Research area


Variations in cereal quality are significant for both technological and health related properties. Nofima Mat focuses particularly on wheat, barley and oats.


Wheat flour is the basis of most bakery goods. The ability to create a viscoelastic dough that can contain gas produced from yeast and thereby produce a loaf with an aerated crumb is unique to wheat. It is the way the gluten proteins function that gives wheat this property. Both the quantity of gluten protein and the composition of the gluten proteins are important for the baking properties of wheat flour. Variations in the protein composition affect the functional properties of the dough and the quality of the end product and are of great significance for the milling and baking industries. Nofima Mat has extensive competence in the functional properties of gluten and has been studying variations in these properties for many years. Recent research has shown that both genetic and environmental factors affect the protein composition and the structure of the gluten proteins through the grain. Variation in quality presents a challenge to the milling and baking industries. We are working on understanding how variations occur, so as to be able to contribute to the breeding of varieties with a greater tolerance of environmental factors. Basic knowledge about gluten proteins as the building blocks of all wheat bakery is vital for the entire value chain.

Given a high proportion of wholemeal bread types it is especially important to have a strong gluten fraction that can carry the other cereal ingredients in the bread and ensure an airy crumb.

Barley and oats

In Norway barley is grown on almost half the area devoted to cereals and is the dominant grain type. But the use of barley in the diet is still at a very low level, equivalent to 0.7 kg per person per year. The excellence of barley lies in its cell wall. The cell walls of the endosperm consist of types of polysaccharides other than starch and in barley we find a great deal of beta-glucan in the cell walls. Beta-glucan produces a higher viscosity in the intestine, which is an important property that is linked with health benefits. Barley can contain from 3 to 11 per cent beta-glucan. We also find a high beta-glucan content in oats. Barley also contains a good deal of insoluble fibre, the main components being cellulose and insoluble arabinoxylane. Insoluble fibre has beneficial health effects, but works in a different way to the soluble beta-glucan. We also find insoluble fibre in wheat and other types of cereal. Wheat bran in particular is a good source of insoluble fibre. Barley is also rich in phytochemicals, including antioxidants.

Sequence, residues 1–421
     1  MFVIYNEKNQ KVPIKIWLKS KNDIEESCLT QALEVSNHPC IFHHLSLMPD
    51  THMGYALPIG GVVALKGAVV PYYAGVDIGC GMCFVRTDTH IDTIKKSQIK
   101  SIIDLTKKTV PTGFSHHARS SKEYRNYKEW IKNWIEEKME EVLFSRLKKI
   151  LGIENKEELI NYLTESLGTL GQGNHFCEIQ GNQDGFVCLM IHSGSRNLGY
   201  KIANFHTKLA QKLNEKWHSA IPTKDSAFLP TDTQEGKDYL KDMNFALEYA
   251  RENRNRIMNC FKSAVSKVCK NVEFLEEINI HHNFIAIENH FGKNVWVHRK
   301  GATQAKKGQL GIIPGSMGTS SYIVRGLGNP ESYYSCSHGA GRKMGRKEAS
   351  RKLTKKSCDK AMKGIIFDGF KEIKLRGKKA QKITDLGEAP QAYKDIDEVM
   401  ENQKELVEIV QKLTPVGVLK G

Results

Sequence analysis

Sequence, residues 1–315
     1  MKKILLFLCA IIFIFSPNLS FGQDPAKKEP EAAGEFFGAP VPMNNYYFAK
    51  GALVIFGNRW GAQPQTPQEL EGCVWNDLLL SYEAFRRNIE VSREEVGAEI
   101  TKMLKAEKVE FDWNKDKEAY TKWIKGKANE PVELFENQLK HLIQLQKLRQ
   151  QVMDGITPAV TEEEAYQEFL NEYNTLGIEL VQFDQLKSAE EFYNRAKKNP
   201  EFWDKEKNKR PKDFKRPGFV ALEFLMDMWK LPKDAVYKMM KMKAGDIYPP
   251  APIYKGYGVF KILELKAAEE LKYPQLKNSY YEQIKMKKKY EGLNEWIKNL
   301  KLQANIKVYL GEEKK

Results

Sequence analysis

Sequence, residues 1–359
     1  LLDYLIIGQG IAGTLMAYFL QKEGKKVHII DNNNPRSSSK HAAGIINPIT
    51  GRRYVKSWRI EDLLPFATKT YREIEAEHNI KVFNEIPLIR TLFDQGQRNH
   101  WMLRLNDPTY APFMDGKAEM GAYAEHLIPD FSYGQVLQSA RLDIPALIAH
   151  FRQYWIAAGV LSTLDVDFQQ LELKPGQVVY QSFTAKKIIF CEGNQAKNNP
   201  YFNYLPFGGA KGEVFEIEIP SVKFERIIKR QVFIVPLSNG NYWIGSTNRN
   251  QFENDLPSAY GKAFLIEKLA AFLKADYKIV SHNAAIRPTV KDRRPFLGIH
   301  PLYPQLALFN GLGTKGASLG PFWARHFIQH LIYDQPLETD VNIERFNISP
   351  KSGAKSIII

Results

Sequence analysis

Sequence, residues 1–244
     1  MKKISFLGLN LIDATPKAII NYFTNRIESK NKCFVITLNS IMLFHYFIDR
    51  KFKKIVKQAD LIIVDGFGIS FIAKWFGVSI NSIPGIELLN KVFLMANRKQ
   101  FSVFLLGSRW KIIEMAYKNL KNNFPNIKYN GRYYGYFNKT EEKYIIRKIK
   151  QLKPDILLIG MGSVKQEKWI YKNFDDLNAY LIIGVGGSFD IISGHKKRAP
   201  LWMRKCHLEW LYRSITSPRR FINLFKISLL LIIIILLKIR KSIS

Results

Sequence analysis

A number of surveys have showed that a higher intake of barley and oats can reduce cholesterol levels in blood, both in total and for LDL cholesterol. A higher intake of beta-glucan is probably the reason for this. Higher viscosity in the intestine caused by beta-glucan can also lead to a slower breakdown of starch and thus affect the take up of glucose. Thus products made of barley and oats that are rich in beta-glucan often have a lower glycemic index (GI).

Nofima Mat is researching into the content of beta-glucan and phytochemicals in Norwegian grown barley. These surveys have also covered the content in various fractions of barley after milling, as well as analysing the content before and after processing bread. We have learned about the varieties of barley that are best suited for use in food and also about how the growing environment can affect the beta-glucan content. The research also studies the probiotic effects of beta-glucan and other fibre components of food products and what happens as they travel through the stomach, small intestine and large intestine.


The sale of organic products, including cereal products, is steadily increasing. Nofima Mat is working on projects, the object of which is to increase the use of Norwegian grown organic wheat in bread. An increasing amount of organically grown wheat is being produced in Norway, but the grain is not reaching the organic market. In order to be able to use more Norwegian organic wheat in food there is a need for more stable quality, better use of quality control, sorting and mixing different varieties and a better understanding of how the baking process can be adapted to flour quality.



Relevant news


Further reading